Harry Reid: We'll Attach Senate Amnesty Bill to House Border Bill
On Tuesday, Senate Majority Leader Harry Reid (D-NV) said he wanted to attach the Senate's comprehensive amnesty bill to the House border bill and potentially have a conference on legislation that had all but been declared dead.
"Well, if they pass that, maybe it's an opening for us to have a conference on our comprehensive immigration reform bill. They're finally sending us something on immigration; maybe we could do that," Reid said, according to TalkingPointsMemo. "We've been looking for something to do conference on."
The House's $659 million border bill does not have any language that would prevent President Barack Obama from enacting or spending federal money on executive actions to grant millions of illegal immigrant adults temporary amnesty and work permits. Numerous reports have indicated that the White House is set on enacting executive actions once Congress leaves for its August recess.
Earlier in the day, "a senior Democratic aide" told Politico that the "only way any piece of the House proposal could become law is if it was conferenced with the Senate’s comprehensive immigration reform bill, which is something we’d certainly consider."
As Breitbart News reported, "Gang of Eight Republicans Sens. Marco Rubio (R-FL), John McCain (R-AZ), Lindsey Graham (R-SC), and Jeff Flake (R-AZ) recently issued a joint statement saying they did not want this to happen," but pro-amnesty advocates, including Frank Sharry, have been pushing Democrats to attach the Senate's amnesty bill to the House's border bill. Those opposed to the Senate's amnesty bill have been worried for two years that leaders from two chambers would, through subterfuge, find a way to somehow get to conference in order to pass comprehensive amnesty legislation.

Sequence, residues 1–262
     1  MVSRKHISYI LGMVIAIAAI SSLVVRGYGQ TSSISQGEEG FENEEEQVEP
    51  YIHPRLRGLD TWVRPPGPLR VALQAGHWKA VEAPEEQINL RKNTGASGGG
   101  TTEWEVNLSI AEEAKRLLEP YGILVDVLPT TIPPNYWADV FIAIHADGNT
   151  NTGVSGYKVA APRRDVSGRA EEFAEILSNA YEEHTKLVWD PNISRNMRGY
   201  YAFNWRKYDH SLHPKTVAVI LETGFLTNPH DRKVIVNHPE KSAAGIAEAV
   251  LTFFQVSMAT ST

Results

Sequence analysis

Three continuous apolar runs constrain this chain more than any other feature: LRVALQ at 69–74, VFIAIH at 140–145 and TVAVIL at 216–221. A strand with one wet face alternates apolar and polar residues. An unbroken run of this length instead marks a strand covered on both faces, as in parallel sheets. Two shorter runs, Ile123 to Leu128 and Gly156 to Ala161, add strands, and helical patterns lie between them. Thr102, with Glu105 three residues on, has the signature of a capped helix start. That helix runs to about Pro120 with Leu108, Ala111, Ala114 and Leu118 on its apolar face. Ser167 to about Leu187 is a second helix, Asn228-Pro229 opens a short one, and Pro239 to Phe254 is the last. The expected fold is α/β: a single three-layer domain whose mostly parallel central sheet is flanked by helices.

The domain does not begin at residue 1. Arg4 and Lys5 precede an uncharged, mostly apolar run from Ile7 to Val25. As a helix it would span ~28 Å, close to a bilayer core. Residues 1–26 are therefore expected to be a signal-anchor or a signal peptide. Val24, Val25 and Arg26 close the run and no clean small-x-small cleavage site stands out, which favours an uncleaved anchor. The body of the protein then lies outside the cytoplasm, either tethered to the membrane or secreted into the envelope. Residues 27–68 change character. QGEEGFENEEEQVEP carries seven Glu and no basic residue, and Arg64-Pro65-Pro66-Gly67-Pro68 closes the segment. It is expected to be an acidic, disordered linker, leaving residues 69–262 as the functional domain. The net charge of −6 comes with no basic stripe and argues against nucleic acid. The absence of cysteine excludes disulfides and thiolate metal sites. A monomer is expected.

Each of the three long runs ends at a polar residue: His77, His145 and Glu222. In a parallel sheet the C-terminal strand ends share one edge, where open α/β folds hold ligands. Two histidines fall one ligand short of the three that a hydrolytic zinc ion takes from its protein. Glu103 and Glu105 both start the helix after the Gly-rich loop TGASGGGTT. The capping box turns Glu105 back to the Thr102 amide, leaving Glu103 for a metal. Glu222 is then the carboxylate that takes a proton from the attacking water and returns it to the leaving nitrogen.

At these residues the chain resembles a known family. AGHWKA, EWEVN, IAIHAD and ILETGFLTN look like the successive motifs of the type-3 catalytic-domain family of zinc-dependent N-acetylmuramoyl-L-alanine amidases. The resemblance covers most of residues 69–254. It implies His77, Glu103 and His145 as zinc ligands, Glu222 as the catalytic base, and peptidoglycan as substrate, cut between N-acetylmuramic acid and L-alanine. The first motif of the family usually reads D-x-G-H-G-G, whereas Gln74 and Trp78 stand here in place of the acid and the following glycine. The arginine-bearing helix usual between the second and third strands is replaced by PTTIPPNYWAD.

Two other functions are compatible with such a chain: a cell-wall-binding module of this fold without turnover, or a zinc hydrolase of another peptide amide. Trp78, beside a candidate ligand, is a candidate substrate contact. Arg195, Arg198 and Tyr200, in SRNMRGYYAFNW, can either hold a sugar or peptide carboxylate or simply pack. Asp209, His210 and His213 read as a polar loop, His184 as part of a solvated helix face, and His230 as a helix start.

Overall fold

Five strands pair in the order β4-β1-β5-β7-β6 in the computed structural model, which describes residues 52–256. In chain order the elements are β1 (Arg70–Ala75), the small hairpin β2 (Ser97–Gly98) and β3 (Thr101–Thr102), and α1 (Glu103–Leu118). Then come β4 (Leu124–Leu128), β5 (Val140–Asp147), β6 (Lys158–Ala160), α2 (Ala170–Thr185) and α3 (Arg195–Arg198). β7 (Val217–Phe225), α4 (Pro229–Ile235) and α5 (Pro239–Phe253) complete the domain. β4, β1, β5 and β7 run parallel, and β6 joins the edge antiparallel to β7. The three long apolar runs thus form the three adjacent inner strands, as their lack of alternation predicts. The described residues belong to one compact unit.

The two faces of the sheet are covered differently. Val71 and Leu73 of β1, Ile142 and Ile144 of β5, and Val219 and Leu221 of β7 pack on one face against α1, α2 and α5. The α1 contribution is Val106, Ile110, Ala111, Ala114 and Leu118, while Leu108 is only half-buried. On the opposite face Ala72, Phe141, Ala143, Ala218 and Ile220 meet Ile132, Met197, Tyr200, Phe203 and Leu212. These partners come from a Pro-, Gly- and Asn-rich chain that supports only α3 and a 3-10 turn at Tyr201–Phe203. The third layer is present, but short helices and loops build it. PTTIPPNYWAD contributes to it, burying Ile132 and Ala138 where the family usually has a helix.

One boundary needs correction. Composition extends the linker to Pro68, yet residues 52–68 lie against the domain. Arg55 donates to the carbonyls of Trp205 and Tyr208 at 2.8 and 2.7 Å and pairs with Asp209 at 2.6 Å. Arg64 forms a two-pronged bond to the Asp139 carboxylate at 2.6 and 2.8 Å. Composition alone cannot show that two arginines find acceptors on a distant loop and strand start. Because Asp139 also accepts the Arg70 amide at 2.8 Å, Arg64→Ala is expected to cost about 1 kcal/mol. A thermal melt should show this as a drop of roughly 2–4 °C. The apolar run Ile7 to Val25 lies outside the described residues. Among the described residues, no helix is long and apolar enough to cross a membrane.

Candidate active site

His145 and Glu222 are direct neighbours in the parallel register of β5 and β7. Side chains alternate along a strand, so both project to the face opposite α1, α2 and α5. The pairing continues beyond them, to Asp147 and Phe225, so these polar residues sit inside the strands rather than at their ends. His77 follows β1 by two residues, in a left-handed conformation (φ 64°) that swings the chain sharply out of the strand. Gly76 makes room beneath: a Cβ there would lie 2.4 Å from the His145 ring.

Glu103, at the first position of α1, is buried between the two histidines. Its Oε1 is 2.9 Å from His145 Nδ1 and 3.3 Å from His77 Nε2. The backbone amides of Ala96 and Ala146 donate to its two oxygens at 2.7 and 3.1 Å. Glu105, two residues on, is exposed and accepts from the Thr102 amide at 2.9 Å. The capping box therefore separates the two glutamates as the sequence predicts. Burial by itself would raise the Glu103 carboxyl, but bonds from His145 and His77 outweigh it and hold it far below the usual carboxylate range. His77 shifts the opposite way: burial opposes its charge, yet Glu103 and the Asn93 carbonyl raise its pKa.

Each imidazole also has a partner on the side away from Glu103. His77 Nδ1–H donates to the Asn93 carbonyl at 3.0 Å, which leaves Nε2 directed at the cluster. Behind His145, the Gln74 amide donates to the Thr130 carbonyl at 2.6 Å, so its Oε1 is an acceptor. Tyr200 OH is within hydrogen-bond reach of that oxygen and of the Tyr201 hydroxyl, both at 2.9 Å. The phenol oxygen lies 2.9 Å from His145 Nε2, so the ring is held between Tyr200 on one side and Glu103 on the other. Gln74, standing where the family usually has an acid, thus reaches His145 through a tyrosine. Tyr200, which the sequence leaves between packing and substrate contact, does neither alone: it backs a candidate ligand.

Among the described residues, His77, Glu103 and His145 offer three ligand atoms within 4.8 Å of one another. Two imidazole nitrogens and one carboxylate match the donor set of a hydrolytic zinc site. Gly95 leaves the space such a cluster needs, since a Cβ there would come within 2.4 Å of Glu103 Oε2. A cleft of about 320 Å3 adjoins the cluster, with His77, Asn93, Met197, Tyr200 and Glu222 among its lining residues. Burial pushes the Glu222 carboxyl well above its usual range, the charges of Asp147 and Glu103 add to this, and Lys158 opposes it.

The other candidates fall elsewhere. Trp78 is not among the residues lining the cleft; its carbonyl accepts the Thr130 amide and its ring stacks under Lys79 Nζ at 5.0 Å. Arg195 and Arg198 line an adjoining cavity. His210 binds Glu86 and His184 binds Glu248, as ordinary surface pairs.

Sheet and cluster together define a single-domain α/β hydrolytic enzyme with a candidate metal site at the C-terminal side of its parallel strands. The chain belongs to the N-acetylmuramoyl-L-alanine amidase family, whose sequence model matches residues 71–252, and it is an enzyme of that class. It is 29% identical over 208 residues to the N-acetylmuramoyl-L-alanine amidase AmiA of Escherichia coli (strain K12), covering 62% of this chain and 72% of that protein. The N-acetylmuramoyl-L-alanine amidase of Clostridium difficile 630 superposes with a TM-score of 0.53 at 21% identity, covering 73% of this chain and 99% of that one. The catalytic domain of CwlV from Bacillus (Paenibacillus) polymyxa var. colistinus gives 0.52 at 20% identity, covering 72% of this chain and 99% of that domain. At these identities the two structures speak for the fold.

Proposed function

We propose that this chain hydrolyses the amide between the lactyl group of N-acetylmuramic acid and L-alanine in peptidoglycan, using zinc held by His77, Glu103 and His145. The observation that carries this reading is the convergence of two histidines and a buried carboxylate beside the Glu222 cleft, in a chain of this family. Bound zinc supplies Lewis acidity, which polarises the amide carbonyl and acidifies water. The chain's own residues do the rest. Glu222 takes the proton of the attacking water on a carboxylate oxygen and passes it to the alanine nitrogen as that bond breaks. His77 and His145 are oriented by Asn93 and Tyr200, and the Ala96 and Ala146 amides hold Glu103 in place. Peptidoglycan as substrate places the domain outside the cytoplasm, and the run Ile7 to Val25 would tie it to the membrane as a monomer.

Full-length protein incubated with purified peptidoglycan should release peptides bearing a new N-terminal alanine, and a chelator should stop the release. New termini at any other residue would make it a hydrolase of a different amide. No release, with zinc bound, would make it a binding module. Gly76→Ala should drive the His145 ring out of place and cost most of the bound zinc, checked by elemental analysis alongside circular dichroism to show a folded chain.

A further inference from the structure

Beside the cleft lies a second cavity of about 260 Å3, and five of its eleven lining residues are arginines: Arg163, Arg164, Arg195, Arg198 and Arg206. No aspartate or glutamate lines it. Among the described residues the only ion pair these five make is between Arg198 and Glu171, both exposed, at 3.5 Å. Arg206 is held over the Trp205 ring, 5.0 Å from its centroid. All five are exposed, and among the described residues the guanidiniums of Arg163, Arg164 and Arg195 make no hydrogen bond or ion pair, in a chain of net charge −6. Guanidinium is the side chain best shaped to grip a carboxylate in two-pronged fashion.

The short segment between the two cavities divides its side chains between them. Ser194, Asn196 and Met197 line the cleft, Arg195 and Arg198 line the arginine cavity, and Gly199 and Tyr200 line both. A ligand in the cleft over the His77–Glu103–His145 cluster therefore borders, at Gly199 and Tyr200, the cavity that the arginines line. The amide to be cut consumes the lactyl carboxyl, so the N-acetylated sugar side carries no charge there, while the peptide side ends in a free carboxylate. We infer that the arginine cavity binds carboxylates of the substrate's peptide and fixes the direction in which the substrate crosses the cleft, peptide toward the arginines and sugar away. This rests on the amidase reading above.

On Monday, Sen. Jeff Sessions (R-AL), who has been vigilantly fighting the Senate's amnesty bill because it would lower the wages of American workers of all backgrounds, said the country was entering a "perilous hour" and urged his colleagues in Congress to oppose any bill that "does not expressly prohibit these planned executive actions by the President and that prohibits any expenditure of funds to implement them."
"Our response now is of great import," Sessions said, saying all of his colleagues will face a time for choosing this week. "It will define the scope of executive and congressional powers for years to come. If President Obama is not stopped in this action, and he exceeds his powers by attempting to execute such a massive amnesty contrary to law, the moral authority for any immigration henceforth will be eviscerated."
As Breitbart News reported, Sessions said there is "no middle ground" when it comes to Obama's lawlessness and declared that Americans "will not accept nullification of their laws passed by their elected representatives."
Reid's comments came on what was probably House Majority Leader Eric Cantor's last conference meeting as Majority Leader. After Cantor lost his July primary to Dave Brat because of Cantor's support for amnesty, House Speaker John Boehner (R-OH) told Obama that the House would not take up an immigration bill this year.